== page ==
The Army of Northern Virginia: Lee's Army in the American Civil War, 1861-1865

By Philip Katcher | Go to book overview

Chancellorsville

In January 1863 Joseph Hooker took command of the Army of the Potomac. By late April he had divided his army in front of Fredericksburg and begun a flanking march that would stretch Lee's generalship-and Confederate manpower-to its limits.

Imagine a weight scale of the type the figure of Justice is often seen holding. If this were morale among the military in the eastern theater in the Civil War, the scale holding the Army of Northern Virginia would just about be at the floor, while the totally empty scale holding the Army of the Potomac would be as high up as the scale would allow. As both sides largely saw it, 1862 had been the year of Lee and his army. They had driven back McClellan from the outskirts of Richmond, totally baffled Pope and almost destroyed his army, driven back an attack they should have lost at Sharpsburg, and stopped Burnside's attack at Fredericksburg as easily as a pit bull can defeat a mouse. Lee's soldiers thought that they were, when led by the master, totally invincible; the blue-clad men of the Army of the Potomac largely agreed with them.

Joseph Hooker, their new commander, understood this, and he asked Lincoln to agree to allow the army to rebuild some of its lost confidence. He did the little things that got soldiers feeling better. He improved rations; he granted furloughs so many of the men could go home for the first time in a while. He got rid of Burnside's cumbersome “grand division” arrangement, and organized the cavalry into a single corps. He even designed special badges for each of the divisions of his corps so a man would feel pride in belonging to a unique organization. He also indulged in many of the displays McClellan had so loved: holding drills, reviews, and parades so the men would see themselves on the field, with burnished weapons and flying flags, as a body of men at war. Back in Washington, on March 3 the government passed “An Act for enrolling and calling out the National Forces, and for other purposes”-a draft for additional manpower. All male citizens between 20 and 45, save for those physically or mentally unfit, with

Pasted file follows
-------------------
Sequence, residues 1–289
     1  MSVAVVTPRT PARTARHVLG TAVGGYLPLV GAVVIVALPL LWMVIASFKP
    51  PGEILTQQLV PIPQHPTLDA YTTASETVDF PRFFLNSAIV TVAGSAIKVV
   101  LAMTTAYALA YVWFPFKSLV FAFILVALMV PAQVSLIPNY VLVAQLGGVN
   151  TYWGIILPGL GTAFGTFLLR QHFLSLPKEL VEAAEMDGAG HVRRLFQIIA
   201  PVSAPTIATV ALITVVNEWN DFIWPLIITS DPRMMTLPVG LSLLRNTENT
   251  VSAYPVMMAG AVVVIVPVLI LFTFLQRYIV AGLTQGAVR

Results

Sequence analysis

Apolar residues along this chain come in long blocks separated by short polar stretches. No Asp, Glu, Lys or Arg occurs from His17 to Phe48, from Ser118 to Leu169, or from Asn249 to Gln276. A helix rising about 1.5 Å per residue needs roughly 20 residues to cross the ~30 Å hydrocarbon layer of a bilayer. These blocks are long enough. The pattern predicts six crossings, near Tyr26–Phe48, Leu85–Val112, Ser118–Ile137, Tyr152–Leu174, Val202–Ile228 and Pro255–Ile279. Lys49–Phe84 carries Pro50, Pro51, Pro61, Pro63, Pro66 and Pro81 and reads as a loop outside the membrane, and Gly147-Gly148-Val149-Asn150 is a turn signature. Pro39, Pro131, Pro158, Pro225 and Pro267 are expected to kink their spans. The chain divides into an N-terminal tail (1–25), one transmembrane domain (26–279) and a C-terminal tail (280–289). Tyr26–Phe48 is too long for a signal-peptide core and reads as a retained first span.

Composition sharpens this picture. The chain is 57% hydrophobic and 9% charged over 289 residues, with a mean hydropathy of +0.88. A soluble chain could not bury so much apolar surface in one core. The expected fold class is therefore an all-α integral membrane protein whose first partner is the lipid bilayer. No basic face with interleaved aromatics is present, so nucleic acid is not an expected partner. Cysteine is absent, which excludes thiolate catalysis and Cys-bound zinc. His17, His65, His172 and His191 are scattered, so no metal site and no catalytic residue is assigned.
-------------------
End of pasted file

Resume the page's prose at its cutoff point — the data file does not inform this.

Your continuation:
-191-

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The Army of Northern Virginia: Lee's Army in the American Civil War, 1861-1865
Table of contents

Table of contents

  • Title Page 3
  • Contents 5
  • Key to Maps 6
  • Foreword 7
  • Introduction 8
  • Part I - Creating the Machine 9
  • Background to War 11
  • Recruitment and Training 27
  • Nature of the War 43
  • Logistics 63
  • Part II - The Years of Attack 81
  • The First Manassas Campaign 83
  • Jackson's Valley Campaign 101
  • The Peninsula Campaign 119
  • The Second Manassas Campaign 139
  • The 1862 Maryland Campaign 155
  • Fredericksburg 173
  • Chancellorsville 191
  • Gettysburg 209
  • Part III - The Nature of the Army 229
  • Robert E. Lee 231
  • The Senior Command Structure 245
  • The Rank and File 259
  • The Army and the State Authorities 273
  • Part IV - The Years of Defense 285
  • The Winter of 1863-64 287
  • The Wilderness to Cold Harbor 301
  • Cold Harbor to Petersburg 315
  • The Final Campaign 329
  • Bibliography 345
  • Index 348
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